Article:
Kelvin also known as K, is a very important factor when shopping for LED bulb, it is the hue. The choice of tint depends on the use of the Led bulb. First of all, you can read Kelvin by the higher the number the whiter the light and the lower the warmer the light. Warm white and white, differentiate roughly between the 3000 and 4000K. To the general for private use we recommend 2700 - 3000 K, this is still a warm white color but not so hot as to get too sleepy to look at. As a cozy lighting you are typically down to 2200 - 2400 K in your LED bulb, this is warm, cozy and sleepy light, and was typically what you had in your old-fashioned Edison bulb. If you need to use the LED for the office you need to go up a bit, here we recommend 4000K if you work more efficiently in colder light.


- Volt (V)

Volt, also known as V, is the unit of measurement for electrical voltage. In Denmark and the rest of Europe we have 230V. Typically, the back of an LED bulb will stand 220-240V, and it can therefore be connected to the ordinary. power grid. Normally the LED uses a different Volt and therefore you need a transformer between the LED and the mains to convert the Volt, but in most cases the transformer is down in the LED bulb's own socket and it can therefore easily be used on existing old sockets. . YOU MUST KEEP EYING ON THE VOLTAGE: You will typically find it at the back of the box, and you may risk it from the LED bulb, spot, strip or other eg using 24V or 12V and these can be either DC (DC) or AC (AC). For example, if the package is 12V DC, then you must have a transformer between your power grid and your LED product with the designation (ie 12V DC).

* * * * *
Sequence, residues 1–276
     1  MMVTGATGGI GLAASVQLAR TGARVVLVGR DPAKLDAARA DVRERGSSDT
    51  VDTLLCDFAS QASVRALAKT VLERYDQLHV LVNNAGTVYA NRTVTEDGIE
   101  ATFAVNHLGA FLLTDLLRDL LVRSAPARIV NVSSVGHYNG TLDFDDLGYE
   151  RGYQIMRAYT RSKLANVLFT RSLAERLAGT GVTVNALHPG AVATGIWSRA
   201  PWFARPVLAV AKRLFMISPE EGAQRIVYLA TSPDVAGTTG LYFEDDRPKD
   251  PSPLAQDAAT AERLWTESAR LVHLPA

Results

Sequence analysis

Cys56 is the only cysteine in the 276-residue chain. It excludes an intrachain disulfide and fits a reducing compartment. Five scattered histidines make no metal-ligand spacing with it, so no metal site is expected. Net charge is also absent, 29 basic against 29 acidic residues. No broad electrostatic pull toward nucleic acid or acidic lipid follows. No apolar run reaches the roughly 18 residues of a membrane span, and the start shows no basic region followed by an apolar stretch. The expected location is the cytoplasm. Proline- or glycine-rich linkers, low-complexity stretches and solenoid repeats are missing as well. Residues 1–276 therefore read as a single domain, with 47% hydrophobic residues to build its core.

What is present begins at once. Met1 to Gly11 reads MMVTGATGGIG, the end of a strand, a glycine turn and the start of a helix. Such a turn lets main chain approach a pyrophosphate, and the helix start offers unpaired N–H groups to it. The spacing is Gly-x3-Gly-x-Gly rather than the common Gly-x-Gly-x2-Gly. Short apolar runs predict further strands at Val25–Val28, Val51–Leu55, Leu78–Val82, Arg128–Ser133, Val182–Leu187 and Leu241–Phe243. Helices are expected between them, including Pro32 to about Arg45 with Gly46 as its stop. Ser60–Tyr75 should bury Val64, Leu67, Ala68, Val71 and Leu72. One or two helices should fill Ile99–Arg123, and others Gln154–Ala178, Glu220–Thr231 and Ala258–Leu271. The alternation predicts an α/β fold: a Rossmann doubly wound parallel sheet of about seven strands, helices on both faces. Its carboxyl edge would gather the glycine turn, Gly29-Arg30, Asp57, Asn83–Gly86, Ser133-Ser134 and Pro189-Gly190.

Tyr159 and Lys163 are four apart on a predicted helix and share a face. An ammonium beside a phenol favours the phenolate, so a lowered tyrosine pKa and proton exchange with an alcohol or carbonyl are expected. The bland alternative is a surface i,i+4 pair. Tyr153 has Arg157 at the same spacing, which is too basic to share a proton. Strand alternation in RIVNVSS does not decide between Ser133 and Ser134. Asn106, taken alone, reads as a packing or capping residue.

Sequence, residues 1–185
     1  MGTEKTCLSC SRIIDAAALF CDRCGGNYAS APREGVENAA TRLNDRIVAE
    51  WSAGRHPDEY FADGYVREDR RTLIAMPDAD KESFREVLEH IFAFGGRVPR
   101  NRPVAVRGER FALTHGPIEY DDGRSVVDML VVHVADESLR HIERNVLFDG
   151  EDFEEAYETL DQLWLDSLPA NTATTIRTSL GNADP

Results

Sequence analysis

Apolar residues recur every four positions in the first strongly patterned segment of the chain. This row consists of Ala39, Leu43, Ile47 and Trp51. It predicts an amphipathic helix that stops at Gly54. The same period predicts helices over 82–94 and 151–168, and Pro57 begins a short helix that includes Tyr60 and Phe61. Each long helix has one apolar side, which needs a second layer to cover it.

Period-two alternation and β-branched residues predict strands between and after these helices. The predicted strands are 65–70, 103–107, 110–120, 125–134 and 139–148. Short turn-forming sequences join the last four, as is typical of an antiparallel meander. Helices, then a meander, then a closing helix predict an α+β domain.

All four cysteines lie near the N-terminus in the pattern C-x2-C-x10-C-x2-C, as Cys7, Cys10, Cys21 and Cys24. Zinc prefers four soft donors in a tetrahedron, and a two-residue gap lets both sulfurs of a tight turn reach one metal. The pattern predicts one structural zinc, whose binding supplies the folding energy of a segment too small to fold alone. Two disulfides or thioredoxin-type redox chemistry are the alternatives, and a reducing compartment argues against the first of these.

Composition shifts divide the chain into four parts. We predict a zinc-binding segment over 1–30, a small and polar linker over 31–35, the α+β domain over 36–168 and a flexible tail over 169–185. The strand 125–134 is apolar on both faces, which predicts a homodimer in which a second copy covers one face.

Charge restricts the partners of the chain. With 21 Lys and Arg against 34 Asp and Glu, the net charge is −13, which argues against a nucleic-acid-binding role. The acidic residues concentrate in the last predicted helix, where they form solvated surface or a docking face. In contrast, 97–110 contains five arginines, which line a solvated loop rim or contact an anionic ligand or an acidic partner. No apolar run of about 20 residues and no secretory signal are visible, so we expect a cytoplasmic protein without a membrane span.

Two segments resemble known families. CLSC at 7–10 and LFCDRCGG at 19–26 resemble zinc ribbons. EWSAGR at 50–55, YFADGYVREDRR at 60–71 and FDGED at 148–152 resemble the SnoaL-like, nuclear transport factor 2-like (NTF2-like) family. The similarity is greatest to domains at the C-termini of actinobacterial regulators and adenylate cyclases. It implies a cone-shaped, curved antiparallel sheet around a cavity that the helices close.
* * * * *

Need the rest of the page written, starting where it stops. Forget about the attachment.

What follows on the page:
- Flickerfree

Flicker and Flickerfree. Flicker is often found on cheap LED bulbs. Due to the frequency of the LED bulb, the LED bulb may have flicker, which means it is flashing. Blinking is usually not visible to the naked eye, but it can have health consequences such as severe migraine. However, this can be solved and if the bulb does not have "flicker", it will say that it is "flicker free". You should therefore always keep an eye on this, and typically if there is nothing on the package, the LED product has it.


- Lumen (LM) and Lux